E-Invoicing in Australia: Shortens Payment Time, Improves Debt Collection

Debt collection efforts among Australian businesses will be improved significantly with the use of electronic invoicing (e-invoicing) for B2B and B2C transactions. In July 2022, the Australian and New Zealand governments adopted the Pan-European Public Procurement On-Line (PEPPOL) framework as the standard and network for e-invoicing. The Australian Tax Office (ATO) was nominated as Australia’s Peppol Authority based on the agency’s digital initiative such as the Single Touch Payroll.

E-Invoicing, Shortened Payment Time and Better Debt Recovery Efforts

Benefits of E-Invoicing

“E-invoicing will improve business cashflow through faster payment times and deliver significant benefits and efficiencies to suppliers and the Government by reducing transaction costs and handling errors.”

Sen. Cormann.

The ATO identified three benefits of e-invoicing to Australian businesses:

  1. Saves time and money.
  2. Reliable and secure.
  3. Reduce payment times.
  4. Interconnected trading.
  5. Environmentally-friendly.

E-invoicing saves time, simplifies and automates processing

By using the digital form of invoice, businesses reduce the time it takes from them to process payments. The ATO said small businesses have to collect $26 billion in unpaid invoices at any given time. Of all late payments, over 20% are due to errors on invoices. Over 20% of erroneous invoices are due to the invoice being sent to the wrong recipient following manual data entry.

Businesses save $21.69 when they switch to e-invoice

The ATO said a business spends $9.18 to process an e-invoice, while a business will spend $30.87 to process a paper invoice and $27.67 to process a PDF invoice. Further, as e-invoices conform to standards, information exchanged is correct and high quality. E-invoicing reduces manual handling and re-keying of information to make sure that are few incorrect or lost invoices. Consequently, e-invoicing reduces fake or compromised invoices, billing scams, and money loss.

B2B e-invoicing is secured

False billing scams are rampant in Australia and reportedly resulted to more than $227 million losses in 2021, according to the Australian Competition and Consumer Commission. Payment redirection and false billing scams are two problems that the e-invoicing network aim to eradicate as the e-invoices are exchanged securely through the Peppol network.

Businesses can cut payment time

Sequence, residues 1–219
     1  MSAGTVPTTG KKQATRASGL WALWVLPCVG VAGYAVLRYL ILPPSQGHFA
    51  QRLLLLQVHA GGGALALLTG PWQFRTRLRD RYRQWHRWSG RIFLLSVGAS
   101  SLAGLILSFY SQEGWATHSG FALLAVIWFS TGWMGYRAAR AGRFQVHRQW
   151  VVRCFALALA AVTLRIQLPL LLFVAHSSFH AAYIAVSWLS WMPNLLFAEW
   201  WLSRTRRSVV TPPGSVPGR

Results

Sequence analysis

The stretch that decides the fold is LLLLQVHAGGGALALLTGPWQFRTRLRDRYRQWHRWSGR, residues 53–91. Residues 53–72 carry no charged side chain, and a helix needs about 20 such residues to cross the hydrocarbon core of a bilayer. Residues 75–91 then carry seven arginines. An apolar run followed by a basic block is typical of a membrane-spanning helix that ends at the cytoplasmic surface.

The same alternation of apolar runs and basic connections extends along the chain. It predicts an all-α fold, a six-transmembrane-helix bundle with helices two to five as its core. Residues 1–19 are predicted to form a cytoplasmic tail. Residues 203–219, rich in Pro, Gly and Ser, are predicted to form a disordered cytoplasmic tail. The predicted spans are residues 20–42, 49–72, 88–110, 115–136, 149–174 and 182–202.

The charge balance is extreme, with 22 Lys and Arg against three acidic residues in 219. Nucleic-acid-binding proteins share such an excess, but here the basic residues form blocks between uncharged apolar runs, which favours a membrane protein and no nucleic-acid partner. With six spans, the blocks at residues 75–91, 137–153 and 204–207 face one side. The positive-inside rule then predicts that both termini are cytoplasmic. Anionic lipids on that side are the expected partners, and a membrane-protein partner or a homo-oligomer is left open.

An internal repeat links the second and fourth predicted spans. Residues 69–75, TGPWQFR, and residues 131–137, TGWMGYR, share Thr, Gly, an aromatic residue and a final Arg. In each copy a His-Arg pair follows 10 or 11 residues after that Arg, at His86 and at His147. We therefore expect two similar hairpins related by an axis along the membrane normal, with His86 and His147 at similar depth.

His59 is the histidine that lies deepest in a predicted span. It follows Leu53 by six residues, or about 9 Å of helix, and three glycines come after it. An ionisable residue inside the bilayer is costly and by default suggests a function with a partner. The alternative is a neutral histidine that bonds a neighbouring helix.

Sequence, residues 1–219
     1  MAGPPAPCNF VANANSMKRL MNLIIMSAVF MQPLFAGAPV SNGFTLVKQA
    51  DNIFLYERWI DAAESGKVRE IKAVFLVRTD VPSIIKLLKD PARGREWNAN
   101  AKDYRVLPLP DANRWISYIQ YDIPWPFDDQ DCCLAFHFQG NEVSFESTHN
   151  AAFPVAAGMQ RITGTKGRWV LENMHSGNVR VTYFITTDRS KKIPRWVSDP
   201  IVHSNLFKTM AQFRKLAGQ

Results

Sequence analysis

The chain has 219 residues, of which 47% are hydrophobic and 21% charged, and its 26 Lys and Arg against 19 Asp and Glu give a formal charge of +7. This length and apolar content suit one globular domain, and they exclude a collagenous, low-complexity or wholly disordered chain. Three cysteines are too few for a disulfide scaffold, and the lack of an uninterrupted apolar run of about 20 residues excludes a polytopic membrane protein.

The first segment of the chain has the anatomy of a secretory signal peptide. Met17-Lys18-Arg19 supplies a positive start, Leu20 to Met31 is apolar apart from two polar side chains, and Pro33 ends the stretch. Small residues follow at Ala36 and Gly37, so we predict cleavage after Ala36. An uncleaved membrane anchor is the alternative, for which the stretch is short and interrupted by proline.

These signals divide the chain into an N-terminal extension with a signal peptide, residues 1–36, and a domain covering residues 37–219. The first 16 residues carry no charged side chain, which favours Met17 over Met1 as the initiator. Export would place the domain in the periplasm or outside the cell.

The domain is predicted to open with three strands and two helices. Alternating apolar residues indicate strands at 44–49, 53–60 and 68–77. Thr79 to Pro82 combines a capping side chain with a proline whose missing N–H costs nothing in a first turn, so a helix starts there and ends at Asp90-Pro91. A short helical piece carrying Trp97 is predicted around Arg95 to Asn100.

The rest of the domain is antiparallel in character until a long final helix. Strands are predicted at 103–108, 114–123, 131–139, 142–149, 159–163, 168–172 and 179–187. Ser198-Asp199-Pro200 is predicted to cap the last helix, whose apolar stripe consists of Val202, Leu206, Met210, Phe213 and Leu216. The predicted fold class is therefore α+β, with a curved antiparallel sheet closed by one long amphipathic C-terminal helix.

Recognising the impact of extended payment terms to small-medium enterprises (SMEs), the Morrison government has been in the frontline in proposing digital invoicing technology. While the new rules currently relate to procurement contracts with the federal government, Sen. Cormann encourages the private sector to follow suit.

It takes 36.7 days for a big business to pay an SME. The Australian Tax Office (ATO) believes one of the benefits of e-invoicing is the reduction in payment times especially when the destination is using the same accounting management software. The small business ombudsman believes e-invoicing will improve cash flow for businesses. Late payments continue to hamper small business viability, with half of all small businesses reporting late payments on 40 per cent of their invoices. Cash flow improves when payment time improves.

E-invoicing connects Australian businesses

Businesses only need to connect once on the Peppol network to be able to trade with other businesses that are also using the Peppol network, this is regardless of the size of business and the software used. According to the ATO, large businesses can add Peppol to their trading networks to help their SME trading partners to exchange invoice data directly from their software.

Businesses can hit ESG targets

Einvoicing will reduce the use of paper and other resources when managing manual invoices. Reduction in these resources can help businesses achieve their environment, social, and govenance (ESG) targets.

Interest payments for unpaid invoices.

One of the features of the new rules is the interest payment. The government will pay interest to those who are not paid within five days from submission. The 5-day late interest payment policy will apply to contracts valued up to $1 million. This policy has a significant positive impact on businesses transacting with the federal government because data from the finance ministry showed that 94.8% of contracts by volume (or 69,611) were below $1 million. The government will also pay interest for every day delayed.

Payments made without e-invoicing will maintain the 20-day term until all government agencies will impose the 5-day term throughout 2020. The 5-day term will also only apply to domestic small-medium enterprises (SME) suppliers and won’t include contracts or standing offers already in place. For businesses to effectively take advantage of the new rules, the ATO though has one advice: Make sure information in e-invoice is correct.

“While businesses will still need to apply their internal quality assurance processes, e-invoicing will provide opportunities for business owners to focus on growing their business, rather than spending time on labour-intensive and costly administrative processes,” ATO e-invoicing director Mark Stockwell said.


E-invoicing is nothing short of revolutionary in the way businesses work. It is a crucial transition that has the welfare of domestic SMEs in mind. Currently, the new e-invoicing rules apply only to government contracts. However, business groups expect the private sector to follow suit. A more streamlined payment process that minimises invoice errors will ensure timelier payments and improved debt recovery efforts.

You can read einvoicing news and resources that may be helpful to your business here.

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